The 10 Best Framing Nailers

Updated June 02, 2018 by Ezra Glenn

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We spent 46 hours on research, videography, and editing, to review the top choices for this wiki. Of all the styles of nail guns, framing nailers are designed to do the heaviest lifting, so to speak, joining boards and planks swiftly and securely. While they're not the most precise of tools, they will make quick work of roughing out any construction or remodeling project. Our selection includes a variety of styles running on a range of power sources to suit your needs. When users buy our independently chosen editorial picks, we may earn commissions to support our work. Skip to the best framing nailer on Amazon.

10. Senco 4H0101N

9. Porter-Cable FR350B

8. Valu-Air 9021C

7. Bostitch F21PL

6. Hitachi NR90AES1

5. DeWalt DCN692B

4. Freeman PFR2190

3. Paslode 905600

2. AeroPro 9021NS

1. Numax SFR2190

How To Choose The Right Framing Nailer

If you do a lot of woodworking, then a good framing nailer is an essential addition to your tool chest. These handy machines can drastically cut down on the amount of time it takes to put together a frame, and after using one, you'll soon find it impossible to go back to a regular hammer.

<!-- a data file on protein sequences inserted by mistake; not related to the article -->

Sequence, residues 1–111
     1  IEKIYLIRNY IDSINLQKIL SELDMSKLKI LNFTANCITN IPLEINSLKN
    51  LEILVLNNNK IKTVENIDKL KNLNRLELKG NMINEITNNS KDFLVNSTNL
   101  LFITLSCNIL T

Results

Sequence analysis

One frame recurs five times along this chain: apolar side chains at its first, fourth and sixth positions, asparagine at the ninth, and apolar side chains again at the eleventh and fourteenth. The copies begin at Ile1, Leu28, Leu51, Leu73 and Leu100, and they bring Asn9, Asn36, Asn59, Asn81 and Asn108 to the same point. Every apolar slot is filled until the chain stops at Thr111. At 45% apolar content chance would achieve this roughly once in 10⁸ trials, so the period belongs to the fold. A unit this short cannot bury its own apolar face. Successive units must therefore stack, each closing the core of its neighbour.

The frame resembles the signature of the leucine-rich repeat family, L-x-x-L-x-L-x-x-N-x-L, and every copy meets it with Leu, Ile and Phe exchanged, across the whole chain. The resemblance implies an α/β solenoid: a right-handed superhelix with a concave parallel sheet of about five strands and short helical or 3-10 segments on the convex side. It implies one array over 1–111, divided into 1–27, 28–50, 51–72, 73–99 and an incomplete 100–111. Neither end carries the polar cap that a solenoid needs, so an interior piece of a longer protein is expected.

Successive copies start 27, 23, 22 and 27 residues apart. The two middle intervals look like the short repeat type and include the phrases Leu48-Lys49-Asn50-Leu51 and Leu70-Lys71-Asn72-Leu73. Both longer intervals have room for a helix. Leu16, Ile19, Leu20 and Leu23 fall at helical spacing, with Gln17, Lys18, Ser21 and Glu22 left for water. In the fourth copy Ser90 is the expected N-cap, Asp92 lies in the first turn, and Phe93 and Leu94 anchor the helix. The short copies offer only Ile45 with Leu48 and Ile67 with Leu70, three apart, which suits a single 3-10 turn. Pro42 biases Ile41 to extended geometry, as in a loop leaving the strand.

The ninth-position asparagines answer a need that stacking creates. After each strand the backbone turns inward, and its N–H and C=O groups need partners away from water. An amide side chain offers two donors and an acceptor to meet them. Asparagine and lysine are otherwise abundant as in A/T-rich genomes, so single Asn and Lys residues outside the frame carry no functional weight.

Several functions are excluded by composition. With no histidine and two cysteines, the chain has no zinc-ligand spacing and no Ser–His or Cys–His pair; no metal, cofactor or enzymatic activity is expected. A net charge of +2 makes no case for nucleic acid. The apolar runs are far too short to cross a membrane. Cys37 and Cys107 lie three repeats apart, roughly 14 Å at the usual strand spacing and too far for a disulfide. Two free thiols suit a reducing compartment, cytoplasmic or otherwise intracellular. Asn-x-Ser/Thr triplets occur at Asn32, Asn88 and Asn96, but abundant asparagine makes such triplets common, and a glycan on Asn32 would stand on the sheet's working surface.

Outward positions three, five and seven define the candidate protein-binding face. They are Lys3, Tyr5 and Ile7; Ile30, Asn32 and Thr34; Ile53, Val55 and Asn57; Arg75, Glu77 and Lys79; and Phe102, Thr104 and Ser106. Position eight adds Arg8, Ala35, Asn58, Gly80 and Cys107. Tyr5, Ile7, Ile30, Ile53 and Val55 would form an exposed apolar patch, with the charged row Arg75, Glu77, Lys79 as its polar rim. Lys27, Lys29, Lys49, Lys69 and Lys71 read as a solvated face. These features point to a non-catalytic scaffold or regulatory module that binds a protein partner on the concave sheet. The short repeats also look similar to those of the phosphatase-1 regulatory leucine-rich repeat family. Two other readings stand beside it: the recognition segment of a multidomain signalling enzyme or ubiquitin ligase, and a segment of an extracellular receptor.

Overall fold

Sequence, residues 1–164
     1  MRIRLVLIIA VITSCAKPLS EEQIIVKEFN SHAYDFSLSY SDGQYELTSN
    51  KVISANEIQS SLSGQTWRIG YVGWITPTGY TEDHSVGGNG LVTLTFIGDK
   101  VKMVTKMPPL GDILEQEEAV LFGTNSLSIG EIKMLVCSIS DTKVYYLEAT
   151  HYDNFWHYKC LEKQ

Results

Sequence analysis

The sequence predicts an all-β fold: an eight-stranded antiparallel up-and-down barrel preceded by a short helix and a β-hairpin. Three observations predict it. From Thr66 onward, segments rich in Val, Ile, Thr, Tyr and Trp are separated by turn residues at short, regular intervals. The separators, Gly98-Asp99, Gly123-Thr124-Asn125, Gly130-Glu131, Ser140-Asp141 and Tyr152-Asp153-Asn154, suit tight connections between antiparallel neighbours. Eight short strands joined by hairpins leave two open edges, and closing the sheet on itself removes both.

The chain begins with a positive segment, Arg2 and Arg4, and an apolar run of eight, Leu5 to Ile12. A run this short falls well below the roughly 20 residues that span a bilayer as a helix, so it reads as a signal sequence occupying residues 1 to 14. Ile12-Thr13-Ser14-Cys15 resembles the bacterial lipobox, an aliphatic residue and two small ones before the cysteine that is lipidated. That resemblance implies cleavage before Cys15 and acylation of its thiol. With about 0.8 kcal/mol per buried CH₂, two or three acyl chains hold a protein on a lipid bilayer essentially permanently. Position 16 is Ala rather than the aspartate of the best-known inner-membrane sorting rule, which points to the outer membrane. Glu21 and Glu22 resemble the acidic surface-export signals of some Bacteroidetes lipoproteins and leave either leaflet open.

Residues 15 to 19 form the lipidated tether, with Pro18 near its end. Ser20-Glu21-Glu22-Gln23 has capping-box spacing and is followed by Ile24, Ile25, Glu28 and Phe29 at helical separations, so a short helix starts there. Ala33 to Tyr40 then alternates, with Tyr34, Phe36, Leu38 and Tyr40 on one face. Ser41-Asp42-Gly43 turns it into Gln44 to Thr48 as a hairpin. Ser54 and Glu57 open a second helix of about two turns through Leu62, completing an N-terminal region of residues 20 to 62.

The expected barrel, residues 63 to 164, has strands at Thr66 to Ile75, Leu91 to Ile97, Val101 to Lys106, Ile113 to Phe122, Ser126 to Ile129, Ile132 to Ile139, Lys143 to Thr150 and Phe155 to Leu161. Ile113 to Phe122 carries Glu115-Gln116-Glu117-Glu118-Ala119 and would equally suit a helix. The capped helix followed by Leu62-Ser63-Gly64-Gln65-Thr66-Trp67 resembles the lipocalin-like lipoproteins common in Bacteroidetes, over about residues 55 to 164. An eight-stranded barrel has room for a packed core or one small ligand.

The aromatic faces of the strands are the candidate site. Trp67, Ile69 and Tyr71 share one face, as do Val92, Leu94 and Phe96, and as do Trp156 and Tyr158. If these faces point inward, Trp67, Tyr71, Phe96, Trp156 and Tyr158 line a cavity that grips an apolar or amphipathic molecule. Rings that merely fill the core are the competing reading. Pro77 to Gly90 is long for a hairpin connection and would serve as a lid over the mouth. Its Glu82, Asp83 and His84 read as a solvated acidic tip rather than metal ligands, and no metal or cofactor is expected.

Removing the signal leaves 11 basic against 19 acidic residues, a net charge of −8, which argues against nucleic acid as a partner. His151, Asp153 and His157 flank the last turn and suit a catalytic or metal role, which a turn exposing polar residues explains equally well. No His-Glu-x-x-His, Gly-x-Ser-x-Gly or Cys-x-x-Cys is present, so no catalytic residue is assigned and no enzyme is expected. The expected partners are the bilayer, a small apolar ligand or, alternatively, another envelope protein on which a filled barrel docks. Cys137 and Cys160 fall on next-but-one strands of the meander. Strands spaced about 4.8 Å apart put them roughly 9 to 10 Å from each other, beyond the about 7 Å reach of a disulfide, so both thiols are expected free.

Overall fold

The first thing you need to know is that there are two fundamental types of framing nailers. The pneumatic kind requires an air compressor to fire the nails into the frame, while the cordless variety uses a replaceable air canister instead.

Pneumatic nailers tend to be more powerful and don't require you to purchase canister refills (you would have to buy an air compressor if you don't already have one). Cordless nailers, on the other hand, don't tether you to an air hose, giving you more mobility on the job site. Either option works, so whichever you choose is largely a matter of personal preference.

Trigger type varies, as well. Some have what's known as a bump trigger, in which you can hold down the trigger and shoot out a nail every time the plate bumps the wood. This is great for working quickly, but can lead to sloppiness. Single-fire triggers, on the other hand, require you to pull the trigger every time you want to send a nail home. Single-fire is probably better for beginners, but bump triggers are way better for giving the impression that you know what you're doing.